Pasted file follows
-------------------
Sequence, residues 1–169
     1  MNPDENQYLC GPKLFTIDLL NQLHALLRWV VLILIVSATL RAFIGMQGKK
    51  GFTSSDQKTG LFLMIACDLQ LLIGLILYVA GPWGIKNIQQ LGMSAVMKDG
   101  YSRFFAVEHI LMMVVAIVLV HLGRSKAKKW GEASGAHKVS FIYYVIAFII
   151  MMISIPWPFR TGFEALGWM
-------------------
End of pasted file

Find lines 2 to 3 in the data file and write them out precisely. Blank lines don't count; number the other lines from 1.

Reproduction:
     1  MNPDENQYLC GPKLFTIDLL NQLHALLRWV VLILIVSATL RAFIGMQGKK
    51  GFTSSDQKTG LFLMIACDLQ LLIGLILYVA GPWGIKNIQQ LGMSAVMKDG